‘Jump’ start: Uber buys local dockless electric-bike maker as city considers bringing its cycles to streets

Ready to ride: Uber is in the works to purchase Brooklyn-based bike company Jump Bikes, which doesn’t yet operate in New York City.
Jump Bikes

This homegrown bike company is going places!

Bigwigs at car-hailing business Uber are scooping up a Fort Greene bicycle manufacturer in a deal that its founder hopes will bring the Brooklyn-made two-wheelers to more metropolises worldwide — including New York City, where the company’s pedal-assist-electric and dockless cycles may soon be allowed to cruise streets.

“A lot more of our resources can go toward bikes, expansion, and scaling our vision globally,” Jump leader Ryan Rzepecki said of what he expects from the sale.

The Silicon Valley firm reportedly paid upwards of $200 million for the start-up — which debuted its fleet in 2017, and produces bicycles at its headquarters in the Brooklyn Navy Yard — but the ink hasn’t officially dried on the purchase agreement, according to a Jump spokeswoman.

The local company’s fire-engine red cycles are deployed in a dockless sharing system that allows riders to rent them from and store them at any standard bicycle rack in cities where Jump’s bikes are available — which now only include San Francisco and Washington, DC — instead of dedicated racks like those for Citi Bikes.

Jump’s dockless system — the first of its kind, according to Rzepecki — offers better and more accessible transit options for urban dwellers, its founder claimed.

“My goal with this is to make cycling extremely accessible to people who normally wouldn’t consider biking,” he said. “We made the first-ever dockless bikes, which lowered costs to launch the project, and improved the user experience.”

The start-up’s bikes come in two styles — a human-powered bicycle propelled by a rider’s pedaling alone, and a pedal-assist-electric model, which is equipped with a battery that cyclists can activate when they need extra juice to help propel them through difficult terrain, Rzepecki said.

“Electric-assist really broadens the market, you don’t have to worry about showing up to work sweaty,” he said.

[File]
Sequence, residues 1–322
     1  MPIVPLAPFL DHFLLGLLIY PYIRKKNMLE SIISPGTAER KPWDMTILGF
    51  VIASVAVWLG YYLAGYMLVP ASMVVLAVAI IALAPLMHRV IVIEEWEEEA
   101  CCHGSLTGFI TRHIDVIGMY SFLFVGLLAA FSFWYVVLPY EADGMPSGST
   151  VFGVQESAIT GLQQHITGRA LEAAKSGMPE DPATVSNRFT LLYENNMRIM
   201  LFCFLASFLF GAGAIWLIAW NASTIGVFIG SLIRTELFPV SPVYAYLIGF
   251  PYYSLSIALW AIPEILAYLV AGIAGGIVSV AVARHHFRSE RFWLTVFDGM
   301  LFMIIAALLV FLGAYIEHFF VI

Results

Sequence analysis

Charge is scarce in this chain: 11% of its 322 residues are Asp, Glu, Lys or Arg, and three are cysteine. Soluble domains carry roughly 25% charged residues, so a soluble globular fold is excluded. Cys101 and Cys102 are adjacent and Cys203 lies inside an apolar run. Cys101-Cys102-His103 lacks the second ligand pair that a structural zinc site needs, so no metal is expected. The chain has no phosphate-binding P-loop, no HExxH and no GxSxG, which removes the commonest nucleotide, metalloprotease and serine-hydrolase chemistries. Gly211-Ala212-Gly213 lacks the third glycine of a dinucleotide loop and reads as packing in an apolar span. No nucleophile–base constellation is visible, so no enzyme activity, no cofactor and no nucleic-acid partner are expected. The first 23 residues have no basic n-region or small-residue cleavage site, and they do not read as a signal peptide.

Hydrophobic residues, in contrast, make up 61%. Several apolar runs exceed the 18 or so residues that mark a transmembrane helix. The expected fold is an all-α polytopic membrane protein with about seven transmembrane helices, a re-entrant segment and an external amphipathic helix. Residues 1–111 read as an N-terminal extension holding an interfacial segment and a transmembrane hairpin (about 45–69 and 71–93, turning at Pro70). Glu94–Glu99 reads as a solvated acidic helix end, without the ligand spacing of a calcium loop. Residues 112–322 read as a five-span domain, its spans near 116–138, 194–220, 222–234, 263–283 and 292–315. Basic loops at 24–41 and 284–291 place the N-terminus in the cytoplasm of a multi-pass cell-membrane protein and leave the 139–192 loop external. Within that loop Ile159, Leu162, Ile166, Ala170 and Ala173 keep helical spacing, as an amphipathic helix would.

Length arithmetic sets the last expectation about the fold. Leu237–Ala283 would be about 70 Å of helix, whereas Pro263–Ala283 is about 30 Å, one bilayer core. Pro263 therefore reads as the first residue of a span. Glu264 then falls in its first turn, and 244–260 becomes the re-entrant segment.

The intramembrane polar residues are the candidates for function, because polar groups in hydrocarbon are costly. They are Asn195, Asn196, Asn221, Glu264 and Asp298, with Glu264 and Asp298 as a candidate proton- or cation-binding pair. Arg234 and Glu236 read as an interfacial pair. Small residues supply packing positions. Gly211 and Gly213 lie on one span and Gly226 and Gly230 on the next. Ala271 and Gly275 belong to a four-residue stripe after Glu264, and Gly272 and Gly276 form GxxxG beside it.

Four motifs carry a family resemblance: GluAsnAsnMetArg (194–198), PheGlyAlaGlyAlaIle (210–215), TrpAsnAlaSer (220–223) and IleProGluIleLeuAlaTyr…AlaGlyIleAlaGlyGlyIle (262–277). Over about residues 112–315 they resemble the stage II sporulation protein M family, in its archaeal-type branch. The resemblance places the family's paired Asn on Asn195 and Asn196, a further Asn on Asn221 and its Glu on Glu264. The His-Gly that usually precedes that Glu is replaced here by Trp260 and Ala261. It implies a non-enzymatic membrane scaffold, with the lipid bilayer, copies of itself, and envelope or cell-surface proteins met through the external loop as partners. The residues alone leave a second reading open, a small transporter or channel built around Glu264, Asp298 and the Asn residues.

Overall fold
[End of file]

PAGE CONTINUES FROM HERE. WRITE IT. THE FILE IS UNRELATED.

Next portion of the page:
And the start-up’s sale will allow commuters to rent one of its bicycles — which will still bear the Jump name — using the Uber app, which shows users available car- and bike-hailing options so they can determine the best way to get from one place to another, according to Rzepecki.

“They will be still branded Jump, but you can take a bike at one location and drop it off at another within the Uber app,” he said. “Or you can look at bikes nearby, and take a car instead.”

News of Uber’s purchase of Jump came days after the mayor announced that he will introduce legislation allowing pedal-assist-electric bicycles that travel under 20 miles-per hour on city streets — an about face from the crackdown on electric bicycles he ordered last fall. New York State law forbids the use of entirely electric bikes that don’t require pedaling and can travel more than 20 miles-per hour.

And the start-up’s new owner is taking over as Department of Transportation leaders review proposals that 12 companies, including Jump, submitted to run the city’s first dockless bike-share program — a new alternative-transportation initiative that would follow the Citi Bike rental system instituted in 2013 under Mayor Bloomberg.

Rzepecki — who worked for the Transportation Department from 2008 to 2010 — believes his company has a shot at winning the business, and hopes that Brooklynites will be zipping around the borough on its cycles shortly after the city selects a winner for its dockless-bike scheme, which officials expect to do this summer.

“We have a good chance, but haven’t been told anything,” he said. “The city has control over it.”

Reach reporter Julianne Cuba at (718) 260–4577 or by e-mail at jcuba@cnglocal.com. Follow her on Twitter @julcuba.

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